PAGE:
“Joan Baez, Dylan, Woody Guthrie, Burl Ives, Pete Seeger, Peter Paul and Mary, Simon and Garfunkel”
    The last time you mentioned these names I got all melancholic, and it just happened again. Now I have Joan Baez singing “Joe Hill” in my mind and Woody Guthrie’s son Arlo singing “Alice’s Restautant” at Woodstock! Oh this is going to be a long job to get these out of my mind now 🙂

    • LensScaper says:

      Ha! I was a big fan of Buddy Holly. The image is a lith image actually using inter-negatives – that got rid of all the mid tones and really concentrated the tones.
      Those were the days, weren’t they? Such a lot of good music. I have been singing (to myself of course) Dylan’s ‘Don’t think twice, it’s alright”, and Pete Seeger’s ‘Little Boxes’, along with Woody Guthrie’s ‘This land is your land’. I’m also trying hard to remember who wrote a song whose short title was Eddie’ about a farm hand with an incredibly long name who fell into a well and drowned because ‘…took so long to say his name that Eddie…….drowned’. Ever heard of that one?

      • athyfoto says:

        ‘Fraid not, can’t find anything on the inter McWeb either. Usually my long term memory is pretty good. Now, what I did 5 minutes ago, or what I’m supposed to be doierng in 10 minutes time . . . . not . . . . a . . . . cluet!!

        • athyfoto says:

          OK I have removed my glove puppets now so I can type better.
          ‘Fraid not, can’t find anything on the inter McWeb either. Usually my long term memory is pretty good. Now, what I did 5 minutes ago, or what I’m supposed to be doing in 10 minutes time . . . . not . . . . a . . . . clue!!

          • LensScaper says:

            I found it. The song’s lyrics that is. Amazing how a single line of a lyric can result in three sites each displaying the full text. Sounds like it was a song popular in the American Scouting movement. No-one seems entirely in agreement with the words which I guess is reasonable considering this was probably a song with a strong aural, and oral, tradition of just being learned and passed on without a written record. Who wrote it is unknown. I’m going to post it this weekend because it’s such a fun nonsense song and some of our American cousins who follow my blog might throw more light on it. I won’t be singing it!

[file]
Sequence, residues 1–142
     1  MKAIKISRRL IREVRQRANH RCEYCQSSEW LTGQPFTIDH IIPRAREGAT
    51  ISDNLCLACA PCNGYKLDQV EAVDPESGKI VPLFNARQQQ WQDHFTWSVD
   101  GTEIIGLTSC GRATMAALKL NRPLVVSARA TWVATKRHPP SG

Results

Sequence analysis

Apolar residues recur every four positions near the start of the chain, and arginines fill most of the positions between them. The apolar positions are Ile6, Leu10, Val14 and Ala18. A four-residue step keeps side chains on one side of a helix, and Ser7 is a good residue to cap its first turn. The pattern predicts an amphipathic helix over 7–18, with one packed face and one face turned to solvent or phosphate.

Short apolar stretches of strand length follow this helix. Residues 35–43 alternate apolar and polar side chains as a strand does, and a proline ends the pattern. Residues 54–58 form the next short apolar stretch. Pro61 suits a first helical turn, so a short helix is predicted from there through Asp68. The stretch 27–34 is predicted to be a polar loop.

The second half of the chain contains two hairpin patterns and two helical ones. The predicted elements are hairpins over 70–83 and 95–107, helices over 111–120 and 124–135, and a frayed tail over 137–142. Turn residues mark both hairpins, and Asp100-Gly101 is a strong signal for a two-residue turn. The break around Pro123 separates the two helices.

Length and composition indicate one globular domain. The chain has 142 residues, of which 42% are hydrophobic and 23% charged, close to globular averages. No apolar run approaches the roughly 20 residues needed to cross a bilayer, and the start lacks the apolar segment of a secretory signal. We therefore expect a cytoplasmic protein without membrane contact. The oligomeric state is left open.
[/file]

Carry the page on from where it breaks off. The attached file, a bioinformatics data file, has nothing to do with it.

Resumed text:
4. oneowner says:

    I love to look at the early work of people I admire. You’ve shown some before and it’s really interesting to me and this is no exception. I’ve always liked the high contrast look of the lith process.

    • LensScaper says:

      Many thanks for your comment Ken. I wish I had done more Lith work in the darkroom. In the digital era I struggle to match the quality that Lith inter-negatives produced.

  5. And this is why photography will always be powerful – there can be so many memories tied up in one print.
    (And a very striking print to, BTW!)

    • LensScaper says:

      Many thanks for your comment. Some of these prints hold very powerful memories, but there were a couple I copied and I haven’t the faintest idea where they were taken and sadly the contact sheets in the negative files aren’t dated either – bad error of judgement there.

  6. shoreacres says:

    The resemblance to Buddy Holly is remarkable. And yes, all of that music you and others have mentioned was formative for me, too. Now, I’ll see how long it takes to get “Peggy Sue” out of my mind.

  7. Nelson says:

    He looks like Buddy Holly

  8. Len says:

    Great nostalgic shot Andy. I always wanted to be able to play the guitar but I am tone deaf. Doesn’t stop me from loving music though.